question markThere are lots of questions in this post. I encourage you to ask them of your church and of yourself. Even if you’ve asked and answered them before, you may find it’s a good idea to ask them again. The questions may well produce conflict, and this is a good thing. Conflict causes us to look at the choices we are making and evaluate whether they are the right ones. Conflict properly handled is a critical step to becoming an equipping church.

Misfit or misplaced?

iphone-misfit-toysDid you miss the right fit? It happens to every equipping leader at some time or another. The best leaders find out early and have the opportunity to correct the problem. The key is to resist the urge to deny or ignore the problem!

My friend Mac was faced with just such a situation–a misfit volunteer. Jane was serving as a children’s Sunday school teacher. She began her ministry enthusiastically, but it wasn’t long before Mac began receiving complaints from frustrated parents whose children no longer wanted to attend Sunday school. Then the Sunday school team leader shared her concern that Jane no longer engaged with the team. She missed a few team meetings and wasn’t responding to inquiries about her absence. Mac realized that he had a problem that needed his immediate attention, so he arranged to meet with Jane.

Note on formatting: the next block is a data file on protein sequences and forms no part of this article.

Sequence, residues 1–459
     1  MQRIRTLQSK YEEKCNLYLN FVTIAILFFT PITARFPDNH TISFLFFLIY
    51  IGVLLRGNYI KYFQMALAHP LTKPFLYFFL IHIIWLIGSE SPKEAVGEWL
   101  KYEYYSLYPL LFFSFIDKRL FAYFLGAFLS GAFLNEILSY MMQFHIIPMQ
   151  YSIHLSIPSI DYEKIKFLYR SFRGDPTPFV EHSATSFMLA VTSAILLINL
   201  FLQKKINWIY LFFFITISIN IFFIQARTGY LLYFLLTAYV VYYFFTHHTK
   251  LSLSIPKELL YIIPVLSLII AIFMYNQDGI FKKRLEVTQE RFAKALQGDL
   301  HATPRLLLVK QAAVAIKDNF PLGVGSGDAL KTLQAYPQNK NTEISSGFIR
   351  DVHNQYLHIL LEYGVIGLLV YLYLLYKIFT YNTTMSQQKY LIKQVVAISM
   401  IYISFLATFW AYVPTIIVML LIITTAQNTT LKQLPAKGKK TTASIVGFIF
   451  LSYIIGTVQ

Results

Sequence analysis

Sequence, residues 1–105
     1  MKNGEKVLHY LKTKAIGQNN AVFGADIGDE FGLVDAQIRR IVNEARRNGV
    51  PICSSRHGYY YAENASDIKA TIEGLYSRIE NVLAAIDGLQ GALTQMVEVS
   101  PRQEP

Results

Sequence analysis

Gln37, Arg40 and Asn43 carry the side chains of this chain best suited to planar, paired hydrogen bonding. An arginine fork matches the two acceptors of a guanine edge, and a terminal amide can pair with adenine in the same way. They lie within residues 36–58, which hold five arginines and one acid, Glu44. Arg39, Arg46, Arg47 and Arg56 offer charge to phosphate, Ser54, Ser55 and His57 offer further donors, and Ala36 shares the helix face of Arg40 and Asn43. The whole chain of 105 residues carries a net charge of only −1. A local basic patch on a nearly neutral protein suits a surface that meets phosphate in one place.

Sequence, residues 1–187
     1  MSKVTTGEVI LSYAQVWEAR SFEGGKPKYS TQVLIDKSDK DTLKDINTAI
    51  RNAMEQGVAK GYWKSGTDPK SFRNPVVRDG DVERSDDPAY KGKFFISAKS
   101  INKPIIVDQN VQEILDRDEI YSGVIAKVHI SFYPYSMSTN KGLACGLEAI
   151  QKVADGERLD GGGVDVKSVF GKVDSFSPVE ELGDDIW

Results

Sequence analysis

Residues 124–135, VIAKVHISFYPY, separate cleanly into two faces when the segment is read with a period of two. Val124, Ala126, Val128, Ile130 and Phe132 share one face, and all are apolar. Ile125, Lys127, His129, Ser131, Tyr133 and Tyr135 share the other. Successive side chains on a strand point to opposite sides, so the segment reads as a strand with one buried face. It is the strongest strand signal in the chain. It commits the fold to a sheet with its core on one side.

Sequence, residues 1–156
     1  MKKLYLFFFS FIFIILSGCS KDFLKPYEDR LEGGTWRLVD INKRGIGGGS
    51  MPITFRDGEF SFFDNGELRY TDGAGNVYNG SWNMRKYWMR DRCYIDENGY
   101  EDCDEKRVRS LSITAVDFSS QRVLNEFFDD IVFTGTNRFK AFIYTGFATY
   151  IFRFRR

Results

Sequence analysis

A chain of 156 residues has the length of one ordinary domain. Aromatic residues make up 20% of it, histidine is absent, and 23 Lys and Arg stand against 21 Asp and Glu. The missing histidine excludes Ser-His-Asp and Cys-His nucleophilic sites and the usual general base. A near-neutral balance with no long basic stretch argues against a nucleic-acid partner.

Mac later told me how much he dreaded that conversation. He didn’t want to “fire” Jane. She was a nice woman and had seemed the perfect addition to the children’s ministry team. Her eagerness to help children come to know Jesus had been almost palpable during their initial conversation, but it was now obvious that something had gone awry.

When Jane walked into Mac’s office, her discomfort was obvious. Mac intentionally sat on the same side of his desk as Jane and began with light conversation. After a few minutes Jane began to relax, and only then did Mac ask how she was experiencing her ministry as Sunday school teacher. For a moment it seemed she was not going to answer, but then the frustration poured out along with her tears. She felt like a failure! She wanted to teach the children about Jesus, but they didn’t respond to her efforts to maintain order in the classroom. The parents were unhappy because their children cried when they were left in her class. And she felt like such a misfit when meeting with the other teachers because they enjoyed their classes as much as Jane dreaded hers. Mac listened carefully. It was apparent that Jane’s passion to share Jesus with the children was still there; it was equally apparent that being a teacher was not the best way for her to share that passion.